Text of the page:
John Martyn, who died last week, was impossible to categorise. He was a folk hero, thanks to his acoustic guitar ballads and highly individual treatment of traditional songs and blues, but his improvised playing was influenced by jazz, reggae and trip-hop, while some of his songs in the 80s veered towards mainstream pop. All of which is reflected in this wildly varied, well-packaged collection, first released last year to celebrate his 60th birthday. There are four CDs and 61 tracks here, including one song from each of his 22 studio albums, along with rarities and out-takes, and more than 30 previously unreleased recordings that range from over extended experimental pieces to patches of sheer brilliance. The set starts with Fairy Tale Lullaby, an embarrassingly twee story of pixies and goblins that appeared on his first studio album in 1967, and ends with the sturdy Over the Hill, performed at this year's Folk awards, where he was honoured for his lifetime achievement. His output in the intervening 41 years has been inventive and erratic, but one constant has been the strength of his live playing – shown here by his working of favourites such as May You Never, or the rousing, bluesy I'd Rather Be the Devil from the mid- 70s.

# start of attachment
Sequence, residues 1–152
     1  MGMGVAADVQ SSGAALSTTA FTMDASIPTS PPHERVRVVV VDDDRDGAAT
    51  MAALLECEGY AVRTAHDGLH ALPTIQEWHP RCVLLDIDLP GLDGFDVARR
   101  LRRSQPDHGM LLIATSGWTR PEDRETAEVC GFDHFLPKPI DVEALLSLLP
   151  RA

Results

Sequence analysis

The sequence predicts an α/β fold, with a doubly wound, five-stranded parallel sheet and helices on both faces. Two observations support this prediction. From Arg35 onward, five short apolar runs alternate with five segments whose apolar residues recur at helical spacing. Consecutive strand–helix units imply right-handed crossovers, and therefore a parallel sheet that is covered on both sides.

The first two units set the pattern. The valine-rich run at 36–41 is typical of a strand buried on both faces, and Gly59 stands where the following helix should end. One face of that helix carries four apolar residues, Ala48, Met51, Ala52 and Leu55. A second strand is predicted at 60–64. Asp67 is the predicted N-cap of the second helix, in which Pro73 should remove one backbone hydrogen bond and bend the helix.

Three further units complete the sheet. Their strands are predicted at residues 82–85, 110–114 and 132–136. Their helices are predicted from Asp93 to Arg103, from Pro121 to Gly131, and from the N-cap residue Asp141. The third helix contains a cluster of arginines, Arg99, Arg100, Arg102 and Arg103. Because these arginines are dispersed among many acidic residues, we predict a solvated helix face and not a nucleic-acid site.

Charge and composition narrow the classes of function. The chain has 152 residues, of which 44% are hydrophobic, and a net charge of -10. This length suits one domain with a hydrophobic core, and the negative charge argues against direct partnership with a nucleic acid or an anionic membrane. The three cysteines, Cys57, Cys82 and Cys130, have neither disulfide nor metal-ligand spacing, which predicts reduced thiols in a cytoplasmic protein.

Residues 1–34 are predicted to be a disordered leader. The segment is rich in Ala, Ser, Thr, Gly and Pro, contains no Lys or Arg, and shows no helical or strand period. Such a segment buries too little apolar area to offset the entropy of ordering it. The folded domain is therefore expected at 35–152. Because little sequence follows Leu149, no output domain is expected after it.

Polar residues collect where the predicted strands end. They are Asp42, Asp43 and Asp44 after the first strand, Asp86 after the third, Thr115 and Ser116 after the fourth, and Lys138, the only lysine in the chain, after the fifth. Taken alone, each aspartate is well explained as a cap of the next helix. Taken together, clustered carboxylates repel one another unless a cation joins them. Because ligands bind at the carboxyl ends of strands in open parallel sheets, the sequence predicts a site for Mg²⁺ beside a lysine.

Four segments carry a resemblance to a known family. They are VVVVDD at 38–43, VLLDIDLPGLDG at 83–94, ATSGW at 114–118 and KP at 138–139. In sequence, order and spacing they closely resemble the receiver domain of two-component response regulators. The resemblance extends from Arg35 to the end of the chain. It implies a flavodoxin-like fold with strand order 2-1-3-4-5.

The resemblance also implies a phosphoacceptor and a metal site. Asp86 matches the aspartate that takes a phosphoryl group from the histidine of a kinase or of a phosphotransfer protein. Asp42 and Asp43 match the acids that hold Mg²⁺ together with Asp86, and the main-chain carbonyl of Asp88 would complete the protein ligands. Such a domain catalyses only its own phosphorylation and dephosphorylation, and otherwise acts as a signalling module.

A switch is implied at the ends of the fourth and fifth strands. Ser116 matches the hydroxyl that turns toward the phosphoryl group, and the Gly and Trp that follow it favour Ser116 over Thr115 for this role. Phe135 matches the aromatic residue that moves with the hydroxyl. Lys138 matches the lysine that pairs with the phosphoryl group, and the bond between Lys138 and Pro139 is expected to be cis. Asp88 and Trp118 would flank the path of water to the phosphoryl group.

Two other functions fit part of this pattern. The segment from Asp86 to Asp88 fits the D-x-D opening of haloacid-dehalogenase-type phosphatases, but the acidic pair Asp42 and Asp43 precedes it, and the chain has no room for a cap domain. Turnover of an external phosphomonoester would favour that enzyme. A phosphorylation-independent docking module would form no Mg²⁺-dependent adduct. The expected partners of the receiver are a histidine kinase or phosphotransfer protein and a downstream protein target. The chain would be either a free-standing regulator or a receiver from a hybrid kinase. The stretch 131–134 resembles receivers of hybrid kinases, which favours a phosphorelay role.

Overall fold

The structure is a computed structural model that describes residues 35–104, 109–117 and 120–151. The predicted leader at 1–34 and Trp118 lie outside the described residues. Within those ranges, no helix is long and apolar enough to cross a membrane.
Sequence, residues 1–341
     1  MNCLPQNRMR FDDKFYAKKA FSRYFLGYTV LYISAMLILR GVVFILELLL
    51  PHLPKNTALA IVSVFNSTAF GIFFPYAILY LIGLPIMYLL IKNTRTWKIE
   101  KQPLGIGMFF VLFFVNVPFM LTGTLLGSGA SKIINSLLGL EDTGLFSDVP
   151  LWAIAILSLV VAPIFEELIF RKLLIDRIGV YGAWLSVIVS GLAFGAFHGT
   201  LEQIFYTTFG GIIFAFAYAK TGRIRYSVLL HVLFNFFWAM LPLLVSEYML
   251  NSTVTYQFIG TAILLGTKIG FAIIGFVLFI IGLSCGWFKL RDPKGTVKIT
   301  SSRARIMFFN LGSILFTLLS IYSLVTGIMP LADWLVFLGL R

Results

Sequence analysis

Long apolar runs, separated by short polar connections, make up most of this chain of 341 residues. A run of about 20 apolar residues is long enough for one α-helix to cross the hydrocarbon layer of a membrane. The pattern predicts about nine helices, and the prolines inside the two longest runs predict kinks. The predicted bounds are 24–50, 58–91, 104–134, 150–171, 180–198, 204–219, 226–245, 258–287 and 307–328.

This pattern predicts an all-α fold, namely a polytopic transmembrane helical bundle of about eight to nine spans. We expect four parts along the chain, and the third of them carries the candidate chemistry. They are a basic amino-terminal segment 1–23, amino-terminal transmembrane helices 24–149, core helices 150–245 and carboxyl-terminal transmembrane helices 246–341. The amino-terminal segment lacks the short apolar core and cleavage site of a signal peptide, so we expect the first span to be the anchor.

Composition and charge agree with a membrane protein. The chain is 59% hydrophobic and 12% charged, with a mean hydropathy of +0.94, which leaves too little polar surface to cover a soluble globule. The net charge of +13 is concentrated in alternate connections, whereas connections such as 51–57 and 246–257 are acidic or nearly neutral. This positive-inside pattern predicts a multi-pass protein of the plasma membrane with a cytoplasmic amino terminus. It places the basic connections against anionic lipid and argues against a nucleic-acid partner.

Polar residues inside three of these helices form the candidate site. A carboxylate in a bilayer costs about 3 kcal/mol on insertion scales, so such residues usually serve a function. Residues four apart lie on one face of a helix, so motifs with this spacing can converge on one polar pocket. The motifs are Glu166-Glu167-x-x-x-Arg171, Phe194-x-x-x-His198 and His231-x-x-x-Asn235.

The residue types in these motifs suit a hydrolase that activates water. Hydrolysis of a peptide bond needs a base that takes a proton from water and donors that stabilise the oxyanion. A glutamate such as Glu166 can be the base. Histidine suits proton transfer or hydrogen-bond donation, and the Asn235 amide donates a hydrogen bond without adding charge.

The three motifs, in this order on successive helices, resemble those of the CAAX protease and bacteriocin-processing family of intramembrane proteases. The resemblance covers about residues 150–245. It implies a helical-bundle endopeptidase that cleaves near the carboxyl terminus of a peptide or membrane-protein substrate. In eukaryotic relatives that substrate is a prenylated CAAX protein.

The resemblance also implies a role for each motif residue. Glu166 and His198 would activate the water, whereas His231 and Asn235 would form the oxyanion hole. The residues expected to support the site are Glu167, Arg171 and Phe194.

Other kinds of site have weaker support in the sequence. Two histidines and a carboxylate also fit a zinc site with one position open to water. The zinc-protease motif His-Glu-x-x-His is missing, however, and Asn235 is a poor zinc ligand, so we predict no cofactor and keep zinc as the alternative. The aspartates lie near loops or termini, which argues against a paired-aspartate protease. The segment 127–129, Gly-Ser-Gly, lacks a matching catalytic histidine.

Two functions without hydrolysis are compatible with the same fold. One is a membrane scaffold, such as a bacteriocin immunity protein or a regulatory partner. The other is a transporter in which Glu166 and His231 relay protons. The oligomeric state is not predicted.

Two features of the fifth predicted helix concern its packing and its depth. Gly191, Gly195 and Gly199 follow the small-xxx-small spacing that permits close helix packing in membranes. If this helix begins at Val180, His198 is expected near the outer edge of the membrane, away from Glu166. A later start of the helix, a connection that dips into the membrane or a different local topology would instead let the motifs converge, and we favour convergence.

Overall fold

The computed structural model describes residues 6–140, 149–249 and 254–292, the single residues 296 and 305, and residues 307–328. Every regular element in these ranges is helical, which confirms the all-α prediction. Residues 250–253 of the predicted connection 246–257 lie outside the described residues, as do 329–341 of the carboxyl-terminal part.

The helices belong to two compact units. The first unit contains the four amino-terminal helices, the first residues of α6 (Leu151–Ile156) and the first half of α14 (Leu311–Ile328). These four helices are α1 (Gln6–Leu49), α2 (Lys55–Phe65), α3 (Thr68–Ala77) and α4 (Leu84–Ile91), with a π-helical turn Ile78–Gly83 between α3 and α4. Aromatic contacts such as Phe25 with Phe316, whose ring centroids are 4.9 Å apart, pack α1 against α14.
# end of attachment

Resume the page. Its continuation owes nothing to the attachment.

Robin Denselow is a journalist and broadcaster who specialises in music and politics. He is the author of When The Music's Over, a history of political pop